Machine guns for the Weak and Disabled, Alcohol for Everyone Else.
Thirdimension w/ Caroline Schutz - The Only Healer - Thirdimension are a Swedish band who count among their membership 2 guys named Björn. What is it about Scanadnavia exactly that keeps the region churning out wave after wave of perfectly timed pop trends? And it's never just one band. Invariably there's a whole army of them, even if only one sticks. Maybe it's some sort of ingrained cultural malaise built around a desperation to recapture the success of Abba? But why would they want that? Nonetheless, Thirdimension fit in perfectly with the newest wave of psychedelia influenced Scandanavian music, fitting in perfectly alongside Soundtrack of Our Lives and current Peefork darlings Dungen - and conveniently continuing a backtracking trend from the Black metal stereotypically associated with the region to the garage rock of the Hives et al, and onward to this. When the bands newest album, Permanent Holiday came across my doorstep yesterday though, it was none of this that caught my eye. Rather, it was the presence, on a track, of labelmate and Folksongs for the Afterlife singer Caroline Schutz on this track, The Only Healer, that had me salivating with glee. Folksongs put out one of the most horribly overlooked records of last year with Put Danger Back In Your Life, gorgeous songs about sadness and what it takes to lif on up out of it. And I will easily admit to my crush on Caroline, based almost entirely on the sound of her voice. And this song... This song is just so lush, so melancholy, but the band resists the urge to equate sadness with sparseness - or worse yet, to equate it with tenthousand layers of syrupy strings. Instead, the production is decidedly tight - creating a simple but evocative rythmic background and allowing the sound of two voices in harmony to fill the room, an envelope of sadness, and of hope.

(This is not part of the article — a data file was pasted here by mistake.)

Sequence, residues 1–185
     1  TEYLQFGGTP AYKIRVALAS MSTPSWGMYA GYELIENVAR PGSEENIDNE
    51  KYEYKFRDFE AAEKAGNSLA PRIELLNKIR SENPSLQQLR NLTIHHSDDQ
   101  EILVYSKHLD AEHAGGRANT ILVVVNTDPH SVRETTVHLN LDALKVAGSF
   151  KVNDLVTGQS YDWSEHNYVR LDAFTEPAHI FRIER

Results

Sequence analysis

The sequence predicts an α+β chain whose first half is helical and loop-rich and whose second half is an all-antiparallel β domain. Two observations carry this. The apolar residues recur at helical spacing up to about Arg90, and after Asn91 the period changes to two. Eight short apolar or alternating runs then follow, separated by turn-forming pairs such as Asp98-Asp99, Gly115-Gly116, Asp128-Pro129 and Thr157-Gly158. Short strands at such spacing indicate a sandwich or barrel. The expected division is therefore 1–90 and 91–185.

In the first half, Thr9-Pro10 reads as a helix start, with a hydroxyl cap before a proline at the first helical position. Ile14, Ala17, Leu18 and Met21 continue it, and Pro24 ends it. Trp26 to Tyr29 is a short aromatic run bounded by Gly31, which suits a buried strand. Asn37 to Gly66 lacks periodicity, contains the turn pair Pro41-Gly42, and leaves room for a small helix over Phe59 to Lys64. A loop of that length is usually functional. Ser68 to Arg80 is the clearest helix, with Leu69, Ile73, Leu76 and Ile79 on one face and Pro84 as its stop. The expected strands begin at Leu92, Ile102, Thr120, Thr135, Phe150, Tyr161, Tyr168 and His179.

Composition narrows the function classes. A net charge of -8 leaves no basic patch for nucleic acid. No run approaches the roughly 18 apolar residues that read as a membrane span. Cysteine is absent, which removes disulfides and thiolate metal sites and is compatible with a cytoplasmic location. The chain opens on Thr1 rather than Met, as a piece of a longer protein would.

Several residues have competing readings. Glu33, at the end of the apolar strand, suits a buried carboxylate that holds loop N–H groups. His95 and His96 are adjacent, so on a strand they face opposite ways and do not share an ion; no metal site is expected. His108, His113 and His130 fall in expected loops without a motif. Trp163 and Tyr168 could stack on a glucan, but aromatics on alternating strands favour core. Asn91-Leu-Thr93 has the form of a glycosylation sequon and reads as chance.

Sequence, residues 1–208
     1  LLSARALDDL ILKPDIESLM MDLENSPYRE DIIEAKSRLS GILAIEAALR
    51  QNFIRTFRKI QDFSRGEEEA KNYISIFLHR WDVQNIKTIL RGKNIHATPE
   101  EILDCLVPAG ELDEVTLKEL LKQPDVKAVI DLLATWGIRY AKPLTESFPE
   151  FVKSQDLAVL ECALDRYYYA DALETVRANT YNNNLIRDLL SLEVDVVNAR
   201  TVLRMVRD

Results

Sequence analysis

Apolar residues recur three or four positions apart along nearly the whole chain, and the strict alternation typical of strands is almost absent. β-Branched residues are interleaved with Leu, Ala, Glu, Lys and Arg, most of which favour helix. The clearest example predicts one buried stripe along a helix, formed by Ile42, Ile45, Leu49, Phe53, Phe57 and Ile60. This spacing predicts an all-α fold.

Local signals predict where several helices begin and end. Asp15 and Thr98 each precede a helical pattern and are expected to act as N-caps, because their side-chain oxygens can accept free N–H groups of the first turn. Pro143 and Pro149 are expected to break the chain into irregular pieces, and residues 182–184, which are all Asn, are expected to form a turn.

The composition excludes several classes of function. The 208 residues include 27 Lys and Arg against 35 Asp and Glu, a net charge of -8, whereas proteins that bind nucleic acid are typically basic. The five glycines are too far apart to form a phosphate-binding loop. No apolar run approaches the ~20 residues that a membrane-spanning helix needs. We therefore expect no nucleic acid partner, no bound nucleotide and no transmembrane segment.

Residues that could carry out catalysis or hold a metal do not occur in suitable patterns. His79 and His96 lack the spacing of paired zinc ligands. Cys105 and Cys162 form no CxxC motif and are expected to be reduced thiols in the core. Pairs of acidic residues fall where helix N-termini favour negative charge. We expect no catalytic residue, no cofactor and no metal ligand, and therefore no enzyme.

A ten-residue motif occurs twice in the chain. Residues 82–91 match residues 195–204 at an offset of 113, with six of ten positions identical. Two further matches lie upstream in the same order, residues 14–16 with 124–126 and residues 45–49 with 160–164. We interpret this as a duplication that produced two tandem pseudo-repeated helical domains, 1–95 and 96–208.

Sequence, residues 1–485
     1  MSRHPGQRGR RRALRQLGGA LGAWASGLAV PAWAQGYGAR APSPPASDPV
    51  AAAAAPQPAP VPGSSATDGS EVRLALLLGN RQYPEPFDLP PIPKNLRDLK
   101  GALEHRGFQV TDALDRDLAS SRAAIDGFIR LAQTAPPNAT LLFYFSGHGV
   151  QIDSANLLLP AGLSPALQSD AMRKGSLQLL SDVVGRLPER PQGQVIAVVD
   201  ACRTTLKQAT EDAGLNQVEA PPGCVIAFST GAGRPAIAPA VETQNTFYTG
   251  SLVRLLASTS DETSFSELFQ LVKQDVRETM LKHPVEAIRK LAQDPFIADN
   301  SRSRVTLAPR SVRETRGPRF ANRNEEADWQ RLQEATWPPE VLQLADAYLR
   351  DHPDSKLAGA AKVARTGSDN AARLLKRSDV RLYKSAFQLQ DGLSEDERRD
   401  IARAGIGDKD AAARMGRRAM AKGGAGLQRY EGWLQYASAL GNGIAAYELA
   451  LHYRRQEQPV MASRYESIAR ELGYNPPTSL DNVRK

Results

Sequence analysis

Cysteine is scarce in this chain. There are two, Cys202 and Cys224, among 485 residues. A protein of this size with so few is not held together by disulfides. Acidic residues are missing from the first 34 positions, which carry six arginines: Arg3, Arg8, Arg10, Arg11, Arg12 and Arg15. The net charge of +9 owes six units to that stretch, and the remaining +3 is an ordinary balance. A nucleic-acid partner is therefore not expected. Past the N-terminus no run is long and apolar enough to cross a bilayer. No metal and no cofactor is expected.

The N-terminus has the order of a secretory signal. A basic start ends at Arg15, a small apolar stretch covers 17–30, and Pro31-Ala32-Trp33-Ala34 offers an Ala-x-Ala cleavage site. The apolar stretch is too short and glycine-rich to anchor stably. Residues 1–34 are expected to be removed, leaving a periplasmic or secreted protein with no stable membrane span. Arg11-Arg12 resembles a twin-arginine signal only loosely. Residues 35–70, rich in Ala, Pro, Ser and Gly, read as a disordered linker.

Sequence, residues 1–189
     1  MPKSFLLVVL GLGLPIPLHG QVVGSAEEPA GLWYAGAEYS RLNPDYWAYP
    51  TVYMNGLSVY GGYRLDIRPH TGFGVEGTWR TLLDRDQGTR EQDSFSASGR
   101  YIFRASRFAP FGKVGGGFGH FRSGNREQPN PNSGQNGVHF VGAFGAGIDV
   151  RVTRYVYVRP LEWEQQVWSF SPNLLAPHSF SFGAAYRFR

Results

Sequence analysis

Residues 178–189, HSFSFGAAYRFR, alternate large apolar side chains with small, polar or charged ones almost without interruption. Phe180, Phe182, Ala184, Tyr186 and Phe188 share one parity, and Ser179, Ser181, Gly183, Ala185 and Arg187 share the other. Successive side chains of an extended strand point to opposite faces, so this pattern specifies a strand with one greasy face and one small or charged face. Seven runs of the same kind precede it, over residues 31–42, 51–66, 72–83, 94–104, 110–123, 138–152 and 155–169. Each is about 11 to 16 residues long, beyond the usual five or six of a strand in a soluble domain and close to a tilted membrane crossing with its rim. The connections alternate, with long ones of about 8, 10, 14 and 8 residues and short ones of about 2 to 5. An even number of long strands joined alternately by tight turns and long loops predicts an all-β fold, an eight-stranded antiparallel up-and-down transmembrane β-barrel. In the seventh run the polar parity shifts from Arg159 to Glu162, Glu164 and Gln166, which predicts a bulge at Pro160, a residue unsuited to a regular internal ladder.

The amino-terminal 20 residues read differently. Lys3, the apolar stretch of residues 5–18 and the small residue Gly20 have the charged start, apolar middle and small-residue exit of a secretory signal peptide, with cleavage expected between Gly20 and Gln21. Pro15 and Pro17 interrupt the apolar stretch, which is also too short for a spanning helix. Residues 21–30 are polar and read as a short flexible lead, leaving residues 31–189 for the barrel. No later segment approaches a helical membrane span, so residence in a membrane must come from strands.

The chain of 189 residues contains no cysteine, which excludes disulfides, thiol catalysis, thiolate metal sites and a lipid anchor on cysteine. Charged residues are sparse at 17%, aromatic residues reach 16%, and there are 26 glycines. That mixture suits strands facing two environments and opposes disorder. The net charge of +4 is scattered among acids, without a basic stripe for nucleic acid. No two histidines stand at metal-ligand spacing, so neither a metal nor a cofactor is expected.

[Buy Permanent Holiday from Parasol Records!]
Nick Cave - Supernaturally - Nick Cave is back. I, like many others, found Nocturama to be a bit of a fumble for the old crooner, but I was pleasantly surprised to find that his new release - a 2-in-1 double album is a real return to form, as well as a branching out. But while Abbatoir Blues is a powerful romp through gospel and Delta Blues, the sets second disk, Lyre of Orpheus finds Cave doing what he's always done best. There's always been a gothic quality to Caves work - and no, I'm not talking about the black makeup and bad poetry set, though much enamored of him they are. It's a throwback and Cave is, in many ways, himself a Byronic figure. It shines through on this song more than anything else comes through. Unlike most of Orpheus's subdued, instrumentation, drawing attention to vocals primarily through a quieter tone, Supernaturally is a bouncing, rollicking tune. The pianos jumble and shake like the birth of rock 'n' roll all over again, the violins quiver and shake like a coward at the mouth of hell, and Cave is the rock. Cutting through the tension and the noise like a knife, he maintains his composure, his clarity, and declares "NO," commanding respect, and bringing everything into his masterful control. It's a technique Cave has used many a time before, but it hasn't gotten boring yet.
[Preorder Abbatoir Blues/The Lyre of Orpheus from Amazon.com!]